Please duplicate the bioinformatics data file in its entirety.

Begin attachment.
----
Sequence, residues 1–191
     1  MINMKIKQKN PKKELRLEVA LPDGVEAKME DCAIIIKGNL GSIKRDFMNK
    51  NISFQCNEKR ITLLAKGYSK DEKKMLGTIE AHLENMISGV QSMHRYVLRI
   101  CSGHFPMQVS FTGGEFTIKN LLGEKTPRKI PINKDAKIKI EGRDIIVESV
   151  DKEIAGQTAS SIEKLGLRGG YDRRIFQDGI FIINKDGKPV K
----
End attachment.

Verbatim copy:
Sequence, residues 1–191
     1  MINMKIKQKN PKKELRLEVA LPDGVEAKME DCAIIIKGNL GSIKRDFMNK
    51  NISFQCNEKR ITLLAKGYSK DEKKMLGTIE AHLENMISGV QSMHRYVLRI
   101  CSGHFPMQVS FTGGEFTIKN LLGEKTPRKI PINKDAKIKI EGRDIIVESV
   151  DKEIAGQTAS SIEKLGLRGG YDRRIFQDGI FIINKDGKPV K